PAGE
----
Spring tips for asthma sufferers

If you have asthma, allergens and pollens may be something you try to avoid altogether.

Things that can cause an asthma flare-up are called triggers. Once you have recognized what your triggers are, you can avoid them. Here are some tips:


▪  Exposure to passive cigarette smoke in childhood increases the risk of having asthma.

▪  Do not be around smoke or people who smoke.

▪  Do not allow smoking in your home or your car.

▪  Do not use wood-burning stoves or fireplaces, and avoid campfires.


▪  Take a shower or bath after being outdoors.

▪  During allergy season, use air conditioning instead of opening the windows.

▪  Change the air conditioner filter monthly.

Dust and dust mites

▪  Vacuum carpets and rugs weekly with a HEPA filter. Get rid of carpeting, especially in the bedroom.

▪  Encase your mattresses and pillows in allergen-proof covers.

▪  Wash your bedding weekly in water over 130 degrees.

▪  Wash stuffed animals often and remove any dust collectors from the bedroom.

▪  Dust furniture and wash curtains often.

▪  Replace air conditioning and heater filters monthly.


▪  Keep pets outside.

▪  If your pets must come inside, keep them out of the bedroom and off the furniture.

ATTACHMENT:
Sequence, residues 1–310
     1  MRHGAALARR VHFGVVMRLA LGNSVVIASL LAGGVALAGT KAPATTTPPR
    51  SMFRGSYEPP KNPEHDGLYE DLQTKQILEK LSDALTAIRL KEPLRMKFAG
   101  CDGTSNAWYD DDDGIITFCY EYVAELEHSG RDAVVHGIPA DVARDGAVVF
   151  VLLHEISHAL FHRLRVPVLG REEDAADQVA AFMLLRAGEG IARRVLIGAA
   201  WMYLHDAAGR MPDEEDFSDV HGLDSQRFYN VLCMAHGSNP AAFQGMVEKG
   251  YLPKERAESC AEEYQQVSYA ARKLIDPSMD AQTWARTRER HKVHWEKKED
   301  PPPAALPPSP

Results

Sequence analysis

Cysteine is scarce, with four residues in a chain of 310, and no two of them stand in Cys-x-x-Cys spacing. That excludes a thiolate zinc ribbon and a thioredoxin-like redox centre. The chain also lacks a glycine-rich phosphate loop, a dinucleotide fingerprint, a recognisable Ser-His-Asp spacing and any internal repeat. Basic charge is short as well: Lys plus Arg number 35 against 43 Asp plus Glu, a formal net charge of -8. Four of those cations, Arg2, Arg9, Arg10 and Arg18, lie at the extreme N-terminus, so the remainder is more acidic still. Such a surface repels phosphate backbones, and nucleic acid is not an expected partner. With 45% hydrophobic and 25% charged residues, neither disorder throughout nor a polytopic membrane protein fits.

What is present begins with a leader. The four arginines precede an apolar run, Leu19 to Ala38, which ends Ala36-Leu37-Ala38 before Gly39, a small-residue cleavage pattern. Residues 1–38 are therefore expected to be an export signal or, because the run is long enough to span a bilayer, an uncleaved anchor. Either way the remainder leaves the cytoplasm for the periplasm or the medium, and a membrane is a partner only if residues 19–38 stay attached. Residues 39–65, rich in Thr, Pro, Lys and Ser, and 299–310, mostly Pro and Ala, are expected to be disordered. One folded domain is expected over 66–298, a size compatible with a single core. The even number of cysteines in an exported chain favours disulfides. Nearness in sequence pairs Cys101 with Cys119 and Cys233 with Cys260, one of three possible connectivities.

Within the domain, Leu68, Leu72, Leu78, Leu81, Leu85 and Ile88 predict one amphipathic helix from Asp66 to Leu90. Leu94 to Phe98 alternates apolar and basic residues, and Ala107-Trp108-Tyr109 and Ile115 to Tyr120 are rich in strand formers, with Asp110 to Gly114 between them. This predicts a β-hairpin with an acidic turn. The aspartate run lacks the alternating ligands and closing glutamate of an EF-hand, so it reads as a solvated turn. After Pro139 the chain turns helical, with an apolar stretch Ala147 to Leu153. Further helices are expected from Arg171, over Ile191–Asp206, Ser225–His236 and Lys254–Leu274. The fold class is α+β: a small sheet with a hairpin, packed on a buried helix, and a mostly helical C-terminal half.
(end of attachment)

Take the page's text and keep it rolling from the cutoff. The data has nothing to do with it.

▪  Bathe them weekly.


Changes in weather can cause flare-ups.

▪  Keep an eye on children when they play outdoors.

▪  Stay indoors when air quality is poor.


Asthma flare-ups can be caused by minor respiratory illnesses.

▪  Wash your hands often.

▪  Eat a well-balanced diet and get plenty of sleep.

▪  Make sure you get a yearly flu shot.

▪  Stay away from people who have a cold or flu.


Exercising is important to your health.

▪  Take your reliever medication as prescribed before you exercise.

▪  Slowly warm up before exercising.

▪  Limit or avoid exercise when you are ill or the weather is cold and dry.

Other triggers

▪  Strong smells, such as cleaning products, fragrances or sprays

▪  Some medications, including beta blockers or aspirin

▪  Certain foods, such as shellfish, wine, dried fruit and nuts

▪  Having allergies and managing them can help reduce asthma symptoms

Martinez is a registered respiratory therapist at Sutter Gould Medical Foundation